Historic New England protects mid-twentieth century Modern house designed by Eliot Noyes
STAMFORD, CONN. - Historic New England announces that the Graham House in Stamford, Connecticut, is the eighty-fourth privately-owned historic property and the fourth mid-century Modern property, protected through Historic New England’s Stewardship Easement Program.
This unique house was designed by the prominent architect Eliot Noyes (1910-1977) in 1966 and is recognized as one of his most dramatic and sculptural houses. Noyes was a member of the Harvard Five, a group of modern architects who practiced in nearby New Canaan, Connecticut. He began his career working for Walter Gropius and Marcel Breuer and was a strong advocate of functional Modernism.
Completed in 1969, the Graham House is an imposing structure that consists of two fieldstone-and-concrete walls that create a central hallway with rooms cantilevered outside the walls, floating over the landscape with views defined by carefully placed windows. The exterior appears to rise from the natural rock outcropping of the site and incorporates stones taken from pre-existing stone walls on the property, large panes of glass, and wood vertical board siding stained brown.
The Graham House was listed on the National Register of Historic Places in 2011 in recognition of its importance as an intact example of Noyes’ work, and as the culmination of a series of related house designs by Noyes known as “wall-houses,” where two large walls create a center corridor, like a street, and form adjacent living spaces and a courtyard.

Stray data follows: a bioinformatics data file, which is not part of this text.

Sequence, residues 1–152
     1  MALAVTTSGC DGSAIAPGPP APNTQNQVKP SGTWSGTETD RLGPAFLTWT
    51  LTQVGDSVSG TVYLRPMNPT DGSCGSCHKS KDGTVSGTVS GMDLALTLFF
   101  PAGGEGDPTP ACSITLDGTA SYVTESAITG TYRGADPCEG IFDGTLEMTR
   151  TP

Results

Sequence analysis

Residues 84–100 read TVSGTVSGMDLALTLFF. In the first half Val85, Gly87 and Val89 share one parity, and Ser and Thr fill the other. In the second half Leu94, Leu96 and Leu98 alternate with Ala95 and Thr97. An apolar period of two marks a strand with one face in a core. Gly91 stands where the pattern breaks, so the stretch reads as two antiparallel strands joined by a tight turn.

The preservation easement was donated by the home’s owner, Robert C. Graham Jr., who commissioned its design and construction and who has remained committed to its ongoing preservation. The easement permanently protects the home’s exterior, its important interior features, and nearly ten acres of its impressive and dramatic natural setting.
About Historic New England’s Stewardship Easement Program
The Stewardship Easement Program administers preservation easements held by Historic New England, which protect privately owned historic properties across New England. The program creates partnerships between property owners and Historic New England with the shared goal of preserving a property's historic character. By donating an easement, an owner entrusts Historic New England with the responsibility of working with present and future owners to protect important historic elements from alteration or neglect. To date, the easement program holds eighty-four easements, which protect over 150 buildings and over 750 acres of land across five New England states. Historic New England is committed to protecting all domestic building types representing New England from the seventeenth century to the present. Visit www.HistoricNewEngland.org/Stewardship for more information about the program.
Media Contact: Susanna M. Crampton